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18 17 Philosophy of Globalization Philosophy of Counter-Globalization Alexandr G. Dugin The Russian State and the leaders of the Russians are paying enormous attention to the problem of globalization and of strategic thinking. In this respect, the new course of the new Russian leadership differs considerably and for the better from the utopian, mythological and in fact irresponsible thinking of the previous group of leading staff. The President and the Speaker of our Parliament are seriously concerned about the fate of this State, and about the role and place of Russia in the new world. The interest in geopolitical thinking among the first persons of the State is growing exponentially. I have given many years of my life to the cause of the development of geopolitical science in Russia, I have established the basis of the modern school of domestic geopolitics, I have initiated the new Euro-Asian movement which today is a powerful and continually growing force. For a long time the previous authority (the period of B. N. Yeltsin) ignored the geopolitical approach, refused to take into account the Euro-Asian character of the Russian State, neglected our civilization s specific character, and this in turn had a serious impact on the system of national security. In addition to the other problems, the problem of globalization, its considerable extent, its implication and principles, its geopolitical "foundation" all remained on the periphery of attention. Internal problems reduced vision; and the image of the external world and especially of western civilization became indistinct, blurred and unfocused. Even when making serious and fateful decisions the authorities operated with obsolete myths repeating (though this time with the opposite emphasis) inadequate concepts of the "Cold War". Today everything is different. The new leadership of Russia is seriously concerned about the rapidly developing structure of the "New World Order", about globalization, about the rise of the "new economy", and especially about the place of Russia in this new context, or more precisely, about the absence of a place for Russia if all these processes continue to develop at the current rate. 1. Some words about globalization itself First, whether we like it or not, globalization is an objective phenomenon of the modern world. It is perhaps the most comprehensive phenomenon, an encapsulating formula and the ultimate definition of all the basic processes taking place in international politics in the new century and the new millennium. Globalization is the trend and developmental vector of mankind with which we have to deal now and in the immediate future. Here it must be emphasized at the outset that this process of globalization could theoretically be a dual process. The first variant: the projects and theses encompassing the historical, cultural, economic, social, political, national, and religious experience of the various peoples and states are all brought together into a general fund of mankind. This model could be called a "council model" of globalization or "council globalization". This is only a theoretical possibility. The second variant: all of mankind chooses, either voluntarily or not quite voluntarily (under pressure), some civilizational model as a universal course of development which then

19 18 becomes the obligatory standard in politics, public structure, economics and culture. Some part of mankind, some nation or state elaborates a course for civilization and offers it as a universal model to all the rest. In contrast to "council globalization" the second variant could be called "particularistic globalization" or "unipolar globalization". Which globalization process is being discussed today in concrete life? Of course, the second one. The first variant of globalization has remained an opportunity which was not used or grasped. In the universal democratic rhetoric of the early re-organization (perestroika), Gorbachev and his supporters meant the convergence theories of the 1970s, their first model with certain nuances. As life has shown, it was a rather ephemeral process, nothing more than humanitarian verbalism. We see that the current globalization is especially a unipolar particularistic globalization. It represents the process of a uniform imposition upon all the peoples of the earth of a private, individual socio-economic paradigm connected with the western, and to be more exact, with the American civilizational model not simply the West European model but particularly the American, which has drifted far from its historical cradle. The imposition of the American way of life on all the other peoples of the earth can be vividly seen. In the process of this particularistic globalization, the account of national and historical peculiarity is reduced to only an adaptation of this model, which is taken as a base, and as normative to the concrete conditions of the concrete states and nations. The display of originality on the part of the local objects of globalization is only allowed to the extent to which they portray the universal paradigm in a local regional tone. There is no talk of any copartnership (even relatively equal in rights) in elaborating the paradigm itself. In other words, when we speak about that globalization which has been actively realized in practice in the modern world, we mean the imposition and establishment of civilizational models copied from American society and history, and the introduction of this private paradigm or model into specific states and nations with only superficial deviations which do not affect the essence of the process. The only "variety" allowed here consists not in the fact that each nation and each civilization introduces its own specificity into this global world, but in the fact that the overcoming of national and historical originality in the face of the obligatory stamp takes place differently in each concrete case, and that the process of standardization and unification has some differences. In other words, we mean that there is only one subject of globalization when we speak of that model of globalization which now exists without any alternative, and which is not the result of someone's malicious intention but is an objective process occurring in mankind. This subject of globalization is the one sole actor in international politics. It is the USA and the NATO bloc which it heads. What is therefore the function of the other participants in the globalization process: of Russia, the West European countries, India, the Oriental countries, the Islamic states? Only one role is being assigned to these formations of civilization, every one of which has a solid and centuries-old, multi-millennial history, specificity, mission, and special identity namely, the role of an object of globalization. The present order, the "New World Order" of the 21st century, is developing according to the following course: the interaction of the one subject of globalization with numerous and various objects of globalization.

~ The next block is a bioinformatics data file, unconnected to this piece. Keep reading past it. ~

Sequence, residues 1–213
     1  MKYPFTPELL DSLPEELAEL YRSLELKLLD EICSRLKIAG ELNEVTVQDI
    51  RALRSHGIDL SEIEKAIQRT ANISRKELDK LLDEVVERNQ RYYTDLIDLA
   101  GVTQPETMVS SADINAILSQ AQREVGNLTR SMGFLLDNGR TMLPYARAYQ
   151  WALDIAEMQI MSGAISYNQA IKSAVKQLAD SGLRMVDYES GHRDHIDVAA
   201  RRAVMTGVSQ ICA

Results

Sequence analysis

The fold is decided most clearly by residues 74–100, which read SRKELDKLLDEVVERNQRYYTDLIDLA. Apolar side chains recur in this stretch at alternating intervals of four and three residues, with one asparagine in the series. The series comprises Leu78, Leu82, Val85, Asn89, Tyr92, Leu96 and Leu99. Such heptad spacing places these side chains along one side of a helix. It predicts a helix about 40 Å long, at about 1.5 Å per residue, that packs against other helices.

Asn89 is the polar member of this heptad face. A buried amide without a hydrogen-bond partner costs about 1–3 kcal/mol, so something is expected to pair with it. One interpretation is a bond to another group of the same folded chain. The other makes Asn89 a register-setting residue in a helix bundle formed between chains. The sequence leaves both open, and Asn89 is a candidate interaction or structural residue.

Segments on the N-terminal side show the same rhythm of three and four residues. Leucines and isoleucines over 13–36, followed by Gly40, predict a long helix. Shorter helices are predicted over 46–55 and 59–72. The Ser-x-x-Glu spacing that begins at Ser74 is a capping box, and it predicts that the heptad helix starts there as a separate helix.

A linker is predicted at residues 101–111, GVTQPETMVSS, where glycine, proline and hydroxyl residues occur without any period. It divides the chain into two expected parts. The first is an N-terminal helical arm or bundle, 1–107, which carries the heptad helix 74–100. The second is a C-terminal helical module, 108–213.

20 19 It is necessary to consider those international events which are developing at the dawn of the 21st century in this system of coordinates. Those are the rules of the game with which we are dealing. In such conditions there is no point in speaking about any multipolarity, as what we are dealing with, namely that process which is generally developing today and which shows every tendency to become irreversible, represents the sole and extreme universalization of the unipolar system of the world. Here it is necessary to pay attention to the following aspect: what is this model of unipolar globalization and what kind of a philosophy is the subject of globalization trying to introduce? It must be noted straight away that this philosophy of globalization is not a vague and uncertain, casual, chaotic set of paradigms, values, theses, models, circuits and projects. It is a very concrete and quite distinct set of philosophical, ideological, strategic, economic and cultural installations. As a group all of them can be described as "Americanism". The USA and the NATO bloc which the USA controls emphasize in every possible way the value of "Americanism" in the most varied fields, ranging from culture, through to military conflicts. It is necessary to stress that in the case of the aggression against sovereign Yugoslavia, what was spoken about was not so much the acceptance of the military decision by the countries of NATO but the sole initiative of the USA behind the Security Council of the United Nations Organization. This aggressive behaviour was required once again to accent the subjectivity of the USA during the formation of the "New World Order" and the objectivity of all other states. So "Americanism" is the model which is the subject of globalization. Not simply West European culture, but that form of it in which were developed and were embodied the preconditions of West European culture, economics, social structure, political device, and which attained its most refined paradigmatic status in the USA. It is obvious that the USA is not a collateral product or any intermediate stage of the deve lopment of the West European culture of the new age. It is obvious that the USA is a summation of West European culture, and that within the political, civilizational, ideological, strategic, economic structure of the USA is embodied the purest, ultimate outcome which has lead to the schematic and crystalline expression of those tendencies which have appeared in mankind s new age in Western Europe and which prosper today across the Atlantic Ocean. In other words, in the process of globalization, all other peoples of the Earth who had been going their own way for millennia (India on its own; the Islamic countries on their own; Iran in general has a unique original multi-millennium history; Russia asserted its civilizational identity by way of highly complex bloody conflicts, World Wars, the recent "Cold War", etc.) have been presented today with the option of rejecting their own ideological installations and accepting that model which is the ultimate, refined conclusion of the extreme development of western civilization, together with the most radical consequences. The philosophy of globalization (the philosophy of unipolarity) stems from the liberalbourgeois outlook; it is based on a specific anthropology (on the notion of the primacy of the individual above the collective), on a specific economic doctrine (on trade freedom and the primacy of private business above other forms of economy, on defundamentalization of capital), on the notion of the optimality of the liberal political model (liberal-democracy), on the culture of the "melting-pot", on "tolerant syncretic humanitarian religiousness", on narcissism, on the exalting of the ephemeral and the de-ontologization of history both past and future, on cosmopolitanism and the new nomadism, on the virtualization of space, etc.